House Oversight Committee Chairman James Comer (R-Ky.) on Thursday released the transcript of a closed-door interview the panel conducted with Devon Archer, the former business associate of Hunter Biden whom Republicans view as a key witness in their investigation into the Biden family’s business dealings.
In the days between the interview and the release of the transcript, House members have offered conflicting interpretations of the testimony, with Republicans arguing it proved that President Biden “lied” when he said he had never spoken to his son about his foreign business dealings, and Democrats claiming the opposite and saying the testimony showed the president was not involved in his son’s business dealings.
Archer sat for a transcribed interview with the Oversight Committee for more than five hours on Monday. The transcript spans 141 pages, and is accompanied by 24 pages of documents discussed during the interview.
“Today, we are releasing the transcript from Devon Archer's interview with our committee,” the House Oversight Committee wrote on X, the platform formerly known as Twitter.
Following Archer’s closed-door interview, lawmakers said the witness testified that Hunter Biden sometimes put President Biden, then the vice president, on speakerphone with foreign business partners. Lawmakers also said Archer discussed Hunter Biden selling the “illusion of access” to his father.
Comer on Thursday pointed out several “key exchanges” from Archer’s testimony, including a claim from the Archer that Burisma, the Ukrainian energy company he and Hunter Biden sat on the board of, “would have gone out of business if it didn't have the brand attached to it.”
He also highlighted exchanges about two dinners Joe Biden attended with Hunter Biden’s foreign business associates in 2014 and 2015 at Cafe Milano in Washington, D.C.
But in another part of his testimony, when asked if he was aware of any wrongdoing by President Biden, Archer responded “no, I’m not aware of any.”
In a statement on Thursday, Rep. Jamie Raskin (D-Md.), the ranking member of the Oversight panel, fired back at Comer and reiterated that Archer’s testimony shoots down the idea that President Biden was involved in his son’s business dealings.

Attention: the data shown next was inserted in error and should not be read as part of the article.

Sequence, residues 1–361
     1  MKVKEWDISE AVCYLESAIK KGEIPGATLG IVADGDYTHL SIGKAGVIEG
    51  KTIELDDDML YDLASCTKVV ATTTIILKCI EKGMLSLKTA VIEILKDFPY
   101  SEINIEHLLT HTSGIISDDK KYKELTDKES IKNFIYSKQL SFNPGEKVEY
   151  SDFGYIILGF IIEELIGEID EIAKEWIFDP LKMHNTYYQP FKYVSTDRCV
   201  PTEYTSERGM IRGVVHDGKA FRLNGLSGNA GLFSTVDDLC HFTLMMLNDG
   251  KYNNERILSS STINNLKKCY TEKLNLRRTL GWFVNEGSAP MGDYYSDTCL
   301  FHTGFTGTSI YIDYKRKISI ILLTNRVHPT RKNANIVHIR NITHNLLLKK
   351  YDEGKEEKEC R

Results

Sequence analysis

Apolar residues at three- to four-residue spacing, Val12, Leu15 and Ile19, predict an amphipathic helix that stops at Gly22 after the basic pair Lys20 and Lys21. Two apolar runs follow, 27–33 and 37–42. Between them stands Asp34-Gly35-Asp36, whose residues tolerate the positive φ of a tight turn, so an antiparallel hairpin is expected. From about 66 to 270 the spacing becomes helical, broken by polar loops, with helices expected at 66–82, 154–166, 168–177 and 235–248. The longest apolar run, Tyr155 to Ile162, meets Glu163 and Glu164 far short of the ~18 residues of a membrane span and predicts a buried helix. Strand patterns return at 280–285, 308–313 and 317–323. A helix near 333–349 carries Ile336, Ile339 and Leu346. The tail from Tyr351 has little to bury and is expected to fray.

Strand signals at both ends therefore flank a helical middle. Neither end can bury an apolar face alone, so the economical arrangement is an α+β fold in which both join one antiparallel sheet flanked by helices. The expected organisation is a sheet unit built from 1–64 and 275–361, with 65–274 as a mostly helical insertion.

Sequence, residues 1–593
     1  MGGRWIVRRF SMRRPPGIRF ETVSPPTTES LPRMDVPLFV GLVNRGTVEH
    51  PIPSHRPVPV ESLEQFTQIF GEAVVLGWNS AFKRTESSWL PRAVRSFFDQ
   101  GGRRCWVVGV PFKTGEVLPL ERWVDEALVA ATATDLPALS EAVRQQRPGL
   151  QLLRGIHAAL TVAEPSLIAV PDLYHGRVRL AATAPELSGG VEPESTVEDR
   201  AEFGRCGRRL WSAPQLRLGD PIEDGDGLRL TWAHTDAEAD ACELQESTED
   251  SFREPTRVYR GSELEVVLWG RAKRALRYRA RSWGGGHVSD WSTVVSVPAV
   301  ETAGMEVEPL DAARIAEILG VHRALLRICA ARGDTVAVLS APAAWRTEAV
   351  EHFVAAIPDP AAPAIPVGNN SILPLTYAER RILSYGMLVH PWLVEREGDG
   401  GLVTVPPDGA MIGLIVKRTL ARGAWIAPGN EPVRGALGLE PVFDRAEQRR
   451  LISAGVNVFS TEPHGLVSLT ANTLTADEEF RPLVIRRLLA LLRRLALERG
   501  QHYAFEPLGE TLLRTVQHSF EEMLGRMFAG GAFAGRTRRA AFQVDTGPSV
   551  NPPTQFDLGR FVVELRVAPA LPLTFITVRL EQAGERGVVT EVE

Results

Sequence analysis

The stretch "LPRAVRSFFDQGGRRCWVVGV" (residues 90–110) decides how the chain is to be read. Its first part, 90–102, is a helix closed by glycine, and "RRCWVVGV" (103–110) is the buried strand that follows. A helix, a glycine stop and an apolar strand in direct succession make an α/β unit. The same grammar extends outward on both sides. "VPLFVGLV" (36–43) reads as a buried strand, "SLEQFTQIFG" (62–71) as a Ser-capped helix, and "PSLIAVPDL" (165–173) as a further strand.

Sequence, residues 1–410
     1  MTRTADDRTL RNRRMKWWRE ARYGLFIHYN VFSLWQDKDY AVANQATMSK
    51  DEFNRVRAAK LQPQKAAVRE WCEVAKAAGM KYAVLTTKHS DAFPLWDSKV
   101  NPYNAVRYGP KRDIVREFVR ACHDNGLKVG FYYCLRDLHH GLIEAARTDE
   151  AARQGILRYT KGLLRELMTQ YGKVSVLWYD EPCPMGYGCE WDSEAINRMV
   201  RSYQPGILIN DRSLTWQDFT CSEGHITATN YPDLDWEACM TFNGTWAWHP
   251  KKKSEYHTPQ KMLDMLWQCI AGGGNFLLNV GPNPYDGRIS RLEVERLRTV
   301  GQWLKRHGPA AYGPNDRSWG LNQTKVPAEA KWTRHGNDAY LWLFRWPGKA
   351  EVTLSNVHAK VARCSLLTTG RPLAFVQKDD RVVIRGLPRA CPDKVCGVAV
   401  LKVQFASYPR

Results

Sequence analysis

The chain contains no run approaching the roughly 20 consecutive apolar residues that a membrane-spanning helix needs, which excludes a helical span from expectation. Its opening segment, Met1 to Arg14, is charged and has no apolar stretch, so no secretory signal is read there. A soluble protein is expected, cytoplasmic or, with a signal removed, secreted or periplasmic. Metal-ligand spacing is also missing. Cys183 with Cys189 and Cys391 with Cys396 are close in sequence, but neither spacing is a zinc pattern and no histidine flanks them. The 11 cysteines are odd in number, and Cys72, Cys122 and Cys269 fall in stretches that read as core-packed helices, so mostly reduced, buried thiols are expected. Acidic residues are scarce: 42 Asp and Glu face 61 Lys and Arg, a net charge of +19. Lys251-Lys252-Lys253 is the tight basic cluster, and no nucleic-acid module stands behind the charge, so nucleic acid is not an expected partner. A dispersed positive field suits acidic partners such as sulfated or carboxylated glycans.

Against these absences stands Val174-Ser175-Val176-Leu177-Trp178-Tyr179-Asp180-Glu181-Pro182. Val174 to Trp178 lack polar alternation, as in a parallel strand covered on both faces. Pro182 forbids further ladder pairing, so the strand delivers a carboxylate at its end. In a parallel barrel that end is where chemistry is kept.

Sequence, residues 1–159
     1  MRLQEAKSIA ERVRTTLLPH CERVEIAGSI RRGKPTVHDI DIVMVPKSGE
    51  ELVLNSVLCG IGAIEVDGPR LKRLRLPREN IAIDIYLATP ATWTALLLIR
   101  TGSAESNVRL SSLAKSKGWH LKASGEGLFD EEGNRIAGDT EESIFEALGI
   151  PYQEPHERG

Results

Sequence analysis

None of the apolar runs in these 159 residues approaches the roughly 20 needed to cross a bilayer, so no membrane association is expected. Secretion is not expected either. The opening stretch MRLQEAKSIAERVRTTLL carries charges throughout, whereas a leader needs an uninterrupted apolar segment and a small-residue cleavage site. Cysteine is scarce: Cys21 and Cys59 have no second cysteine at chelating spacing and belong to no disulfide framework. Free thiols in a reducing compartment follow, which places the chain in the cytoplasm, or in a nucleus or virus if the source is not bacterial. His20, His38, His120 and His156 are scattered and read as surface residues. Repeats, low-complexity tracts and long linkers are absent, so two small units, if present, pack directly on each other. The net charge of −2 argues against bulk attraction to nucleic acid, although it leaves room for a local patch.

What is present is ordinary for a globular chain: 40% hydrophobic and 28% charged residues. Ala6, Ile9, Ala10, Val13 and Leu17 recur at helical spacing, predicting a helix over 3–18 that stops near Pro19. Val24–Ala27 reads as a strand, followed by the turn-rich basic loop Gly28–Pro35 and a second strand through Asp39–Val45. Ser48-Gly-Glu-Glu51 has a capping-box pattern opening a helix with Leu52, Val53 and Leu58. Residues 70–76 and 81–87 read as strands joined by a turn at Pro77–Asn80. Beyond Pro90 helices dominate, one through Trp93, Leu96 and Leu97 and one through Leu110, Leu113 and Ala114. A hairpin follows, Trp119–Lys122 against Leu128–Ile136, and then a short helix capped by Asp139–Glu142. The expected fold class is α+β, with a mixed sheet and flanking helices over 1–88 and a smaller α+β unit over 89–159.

“Once again, Committee Republicans’ priority investigation into President Biden has failed to produce any evidence of wrongdoing by President Biden,” Raskin wrote. “On Monday, Devon Archer, Hunter Biden’s former business associate, confirmed in a transcribed interview that President Biden was never involved in Hunter’s business dealings, never profited from such dealings, and never took official action in relation to these business dealings.”
“Mr. Archer repeatedly explained that across a decade-long relationship with Hunter Biden, he was not aware of President Biden ever discussing Hunter Biden’s business. Instead, Devon Archer described how Hunter Biden sold the ‘illusion’ of access to his father—access he never actually provided,” he added.
Rep. Jamie Raskin (D-Md.) speaks to reporters as he leaves the Capitol following the last vote before a five-week district work period on Thursday, July 27, 2023.
House Republicans for months have been trying to link President Biden to his son’s business dealings. Last month, Speaker Kevin McCarthy (R-Calif.) floated launching an impeachment inquiry into Biden, pointing to testimony from IRS whistleblowers that accuse prosecutors of slow-walking the investigation into Hunter Biden’s tax crimes.
Comer released the transcript of Archer’s testimony hours before former President Trump is scheduled to be arraigned in Washington, D.C., after he was indicted on four counts stemming from his efforts to remain in power following the 2020 elections. When news broke of the charges on Tuesday, several Republicans — including McCarthy — said the indictment was an effort to distract from Archer’s testimony and other GOP-led investigations.